Thread: Pegasus Trilogy
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Old Dec 5 2011, 01:30 AM   #9
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Join Date: May 2009
Location: california
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Fan of: Crystal Singer
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Default Re: Pegasus Trilogy

Originally Posted by D. M. Domini View Post
I would actually argue that her later books in each series are of poorer quality. The "formula" actually keeps her early books hopping, and tight, and interesting.

Writers, I've noticed, seem to follow one of two patterns...

A) They either start out hungry, eager to be published, and kick out their best work at the start of their career because it's been stewing for years and they Just. Have. To. Get. It. Out...and then after they've gained fame, suffer from a lack of editing because people will buy their stuff anyway.


B) They start out solid but not exciting, and work hard at their craft over the course of many published books to gain the experience they need to hit it out of the park.

AMC to me seems to be the first type. Her early books in each series are all great (with the exception of a few series). But as they go on they start to peter out. Terry Goodkind is another example of an author that started out with a bang and went downhill.

No it's a cool thought, and it's about the writing which I'm interested in.

I think that may be the case with some books within series, not because of formula and/or the quality of later writing, but because they're just that: ANOTHER book in the series. What's exciting about the first Talent book, the first Pern book, the first Crystal Singer book, to us as sci-fi readers, is that the concepts and characters are completely fresh and different. Out of this world, if you don't mind the cliche.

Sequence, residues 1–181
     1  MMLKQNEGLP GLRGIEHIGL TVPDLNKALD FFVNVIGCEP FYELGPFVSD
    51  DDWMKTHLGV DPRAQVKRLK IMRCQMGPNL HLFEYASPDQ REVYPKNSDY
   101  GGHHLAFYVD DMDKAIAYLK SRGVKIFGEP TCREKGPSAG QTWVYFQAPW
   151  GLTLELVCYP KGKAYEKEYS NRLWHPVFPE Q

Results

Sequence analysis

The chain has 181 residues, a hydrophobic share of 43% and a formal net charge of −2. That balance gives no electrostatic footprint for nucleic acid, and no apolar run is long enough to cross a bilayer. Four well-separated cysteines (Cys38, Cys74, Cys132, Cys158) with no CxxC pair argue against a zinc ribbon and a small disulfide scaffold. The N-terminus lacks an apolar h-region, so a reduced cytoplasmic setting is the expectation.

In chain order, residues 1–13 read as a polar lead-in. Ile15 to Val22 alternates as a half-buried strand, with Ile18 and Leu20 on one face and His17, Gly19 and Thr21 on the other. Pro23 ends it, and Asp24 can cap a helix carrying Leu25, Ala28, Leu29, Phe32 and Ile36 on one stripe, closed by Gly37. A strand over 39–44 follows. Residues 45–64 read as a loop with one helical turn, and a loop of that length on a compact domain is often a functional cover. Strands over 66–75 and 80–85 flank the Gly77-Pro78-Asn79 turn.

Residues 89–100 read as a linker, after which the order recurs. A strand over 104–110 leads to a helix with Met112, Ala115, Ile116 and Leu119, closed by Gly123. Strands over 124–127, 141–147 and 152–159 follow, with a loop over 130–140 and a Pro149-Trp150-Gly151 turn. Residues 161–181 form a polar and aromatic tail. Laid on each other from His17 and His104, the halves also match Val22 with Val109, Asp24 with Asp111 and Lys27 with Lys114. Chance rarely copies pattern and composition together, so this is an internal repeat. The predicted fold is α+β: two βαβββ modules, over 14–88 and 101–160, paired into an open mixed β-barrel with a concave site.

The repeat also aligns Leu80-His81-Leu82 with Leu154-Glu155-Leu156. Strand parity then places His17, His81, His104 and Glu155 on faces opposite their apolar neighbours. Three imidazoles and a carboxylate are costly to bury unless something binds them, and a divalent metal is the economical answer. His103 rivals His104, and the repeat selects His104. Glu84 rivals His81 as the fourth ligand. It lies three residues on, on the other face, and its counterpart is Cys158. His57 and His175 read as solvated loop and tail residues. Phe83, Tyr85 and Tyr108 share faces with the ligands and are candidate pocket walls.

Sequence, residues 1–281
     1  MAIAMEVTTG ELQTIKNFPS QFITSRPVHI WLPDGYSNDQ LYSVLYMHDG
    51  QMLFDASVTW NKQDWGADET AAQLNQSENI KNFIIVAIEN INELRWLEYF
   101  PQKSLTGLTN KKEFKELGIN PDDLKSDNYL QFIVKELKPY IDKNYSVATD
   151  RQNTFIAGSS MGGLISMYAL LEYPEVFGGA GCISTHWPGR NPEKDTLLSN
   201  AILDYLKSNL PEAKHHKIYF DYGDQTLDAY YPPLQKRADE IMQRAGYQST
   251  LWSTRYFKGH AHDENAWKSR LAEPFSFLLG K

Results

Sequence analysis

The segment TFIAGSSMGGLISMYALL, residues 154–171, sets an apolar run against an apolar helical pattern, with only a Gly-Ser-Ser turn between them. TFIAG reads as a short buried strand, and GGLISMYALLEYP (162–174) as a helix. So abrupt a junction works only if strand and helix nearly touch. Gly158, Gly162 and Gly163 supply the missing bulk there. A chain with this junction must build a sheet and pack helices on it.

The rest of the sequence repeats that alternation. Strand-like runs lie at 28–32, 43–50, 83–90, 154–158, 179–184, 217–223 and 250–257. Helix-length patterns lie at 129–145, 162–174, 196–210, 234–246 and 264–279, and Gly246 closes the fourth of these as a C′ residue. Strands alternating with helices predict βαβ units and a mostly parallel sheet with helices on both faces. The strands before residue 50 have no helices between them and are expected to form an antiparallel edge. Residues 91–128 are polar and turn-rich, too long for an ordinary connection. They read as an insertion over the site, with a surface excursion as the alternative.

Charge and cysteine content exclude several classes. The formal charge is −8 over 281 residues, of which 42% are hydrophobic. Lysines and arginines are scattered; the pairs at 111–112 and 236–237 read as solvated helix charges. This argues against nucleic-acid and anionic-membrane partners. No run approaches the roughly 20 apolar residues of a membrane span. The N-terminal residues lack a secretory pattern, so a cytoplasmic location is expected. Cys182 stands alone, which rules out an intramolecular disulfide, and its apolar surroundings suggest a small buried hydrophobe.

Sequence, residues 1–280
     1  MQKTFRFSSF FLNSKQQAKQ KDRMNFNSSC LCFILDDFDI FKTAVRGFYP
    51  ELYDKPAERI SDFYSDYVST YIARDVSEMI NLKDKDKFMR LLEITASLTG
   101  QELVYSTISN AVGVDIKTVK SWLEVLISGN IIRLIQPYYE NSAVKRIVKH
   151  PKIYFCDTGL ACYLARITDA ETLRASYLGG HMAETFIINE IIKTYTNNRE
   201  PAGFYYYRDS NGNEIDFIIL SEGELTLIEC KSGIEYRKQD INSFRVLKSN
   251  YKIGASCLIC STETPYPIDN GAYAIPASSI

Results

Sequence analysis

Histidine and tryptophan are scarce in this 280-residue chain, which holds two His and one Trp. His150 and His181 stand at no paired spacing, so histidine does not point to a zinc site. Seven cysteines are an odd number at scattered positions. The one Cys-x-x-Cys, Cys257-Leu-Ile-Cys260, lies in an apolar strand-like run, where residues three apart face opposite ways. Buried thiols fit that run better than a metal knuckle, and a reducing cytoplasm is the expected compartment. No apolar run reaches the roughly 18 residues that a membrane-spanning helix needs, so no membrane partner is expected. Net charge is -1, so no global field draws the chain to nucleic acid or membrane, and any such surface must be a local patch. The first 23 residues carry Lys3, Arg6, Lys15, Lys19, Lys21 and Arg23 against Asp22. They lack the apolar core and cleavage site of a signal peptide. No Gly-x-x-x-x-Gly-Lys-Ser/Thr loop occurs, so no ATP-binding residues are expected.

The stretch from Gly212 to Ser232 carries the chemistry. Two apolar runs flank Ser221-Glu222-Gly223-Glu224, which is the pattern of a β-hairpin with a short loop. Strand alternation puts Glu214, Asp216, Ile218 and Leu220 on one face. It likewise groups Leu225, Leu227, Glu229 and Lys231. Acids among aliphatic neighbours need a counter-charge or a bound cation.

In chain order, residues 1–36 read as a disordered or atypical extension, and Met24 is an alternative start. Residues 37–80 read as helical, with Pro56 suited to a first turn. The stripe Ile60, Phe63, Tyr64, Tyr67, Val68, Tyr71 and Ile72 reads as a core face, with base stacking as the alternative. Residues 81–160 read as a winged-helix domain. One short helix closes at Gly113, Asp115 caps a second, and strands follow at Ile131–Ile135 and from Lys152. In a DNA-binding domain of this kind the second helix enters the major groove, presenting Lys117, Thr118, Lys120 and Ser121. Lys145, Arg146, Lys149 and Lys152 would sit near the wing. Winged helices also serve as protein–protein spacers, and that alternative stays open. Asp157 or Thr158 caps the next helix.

Since I haven't read enough of the talent books to speak of those, I'll use Pern as an example. F'Lar and Lessa's relationship and the dynamic that was that epic new world in the first couple Pern books was so exciting. Robinton as a character was such a mystery, a smart Obi-Wan type who guided everyone. When it became his story in Masterharper of Pern, continuity aside, some of that mystery about him was lost, and that's not very fun in a sci-fi setting. At that point, when it's the umpteenth Pern book though, I think Anne was pretty clear that she was just putting them out for money more than having a burning to tell another Pern story. Her other stories that she was putting out at that time: Freedom, Nimisha's Ship, etc. the new concepts were pretty fresh, fun and well written though. I think it has much more to do with being "another book in the series" more than she wasn't as good of a writer later.

Back onto the Talents: My original post asked if anyone remembered Henry Darrow dying? His precog of his death was mentioned several times in the short story, and he's referenced as a saintly figure afterward, but I don't remember reading about what happened with his death.
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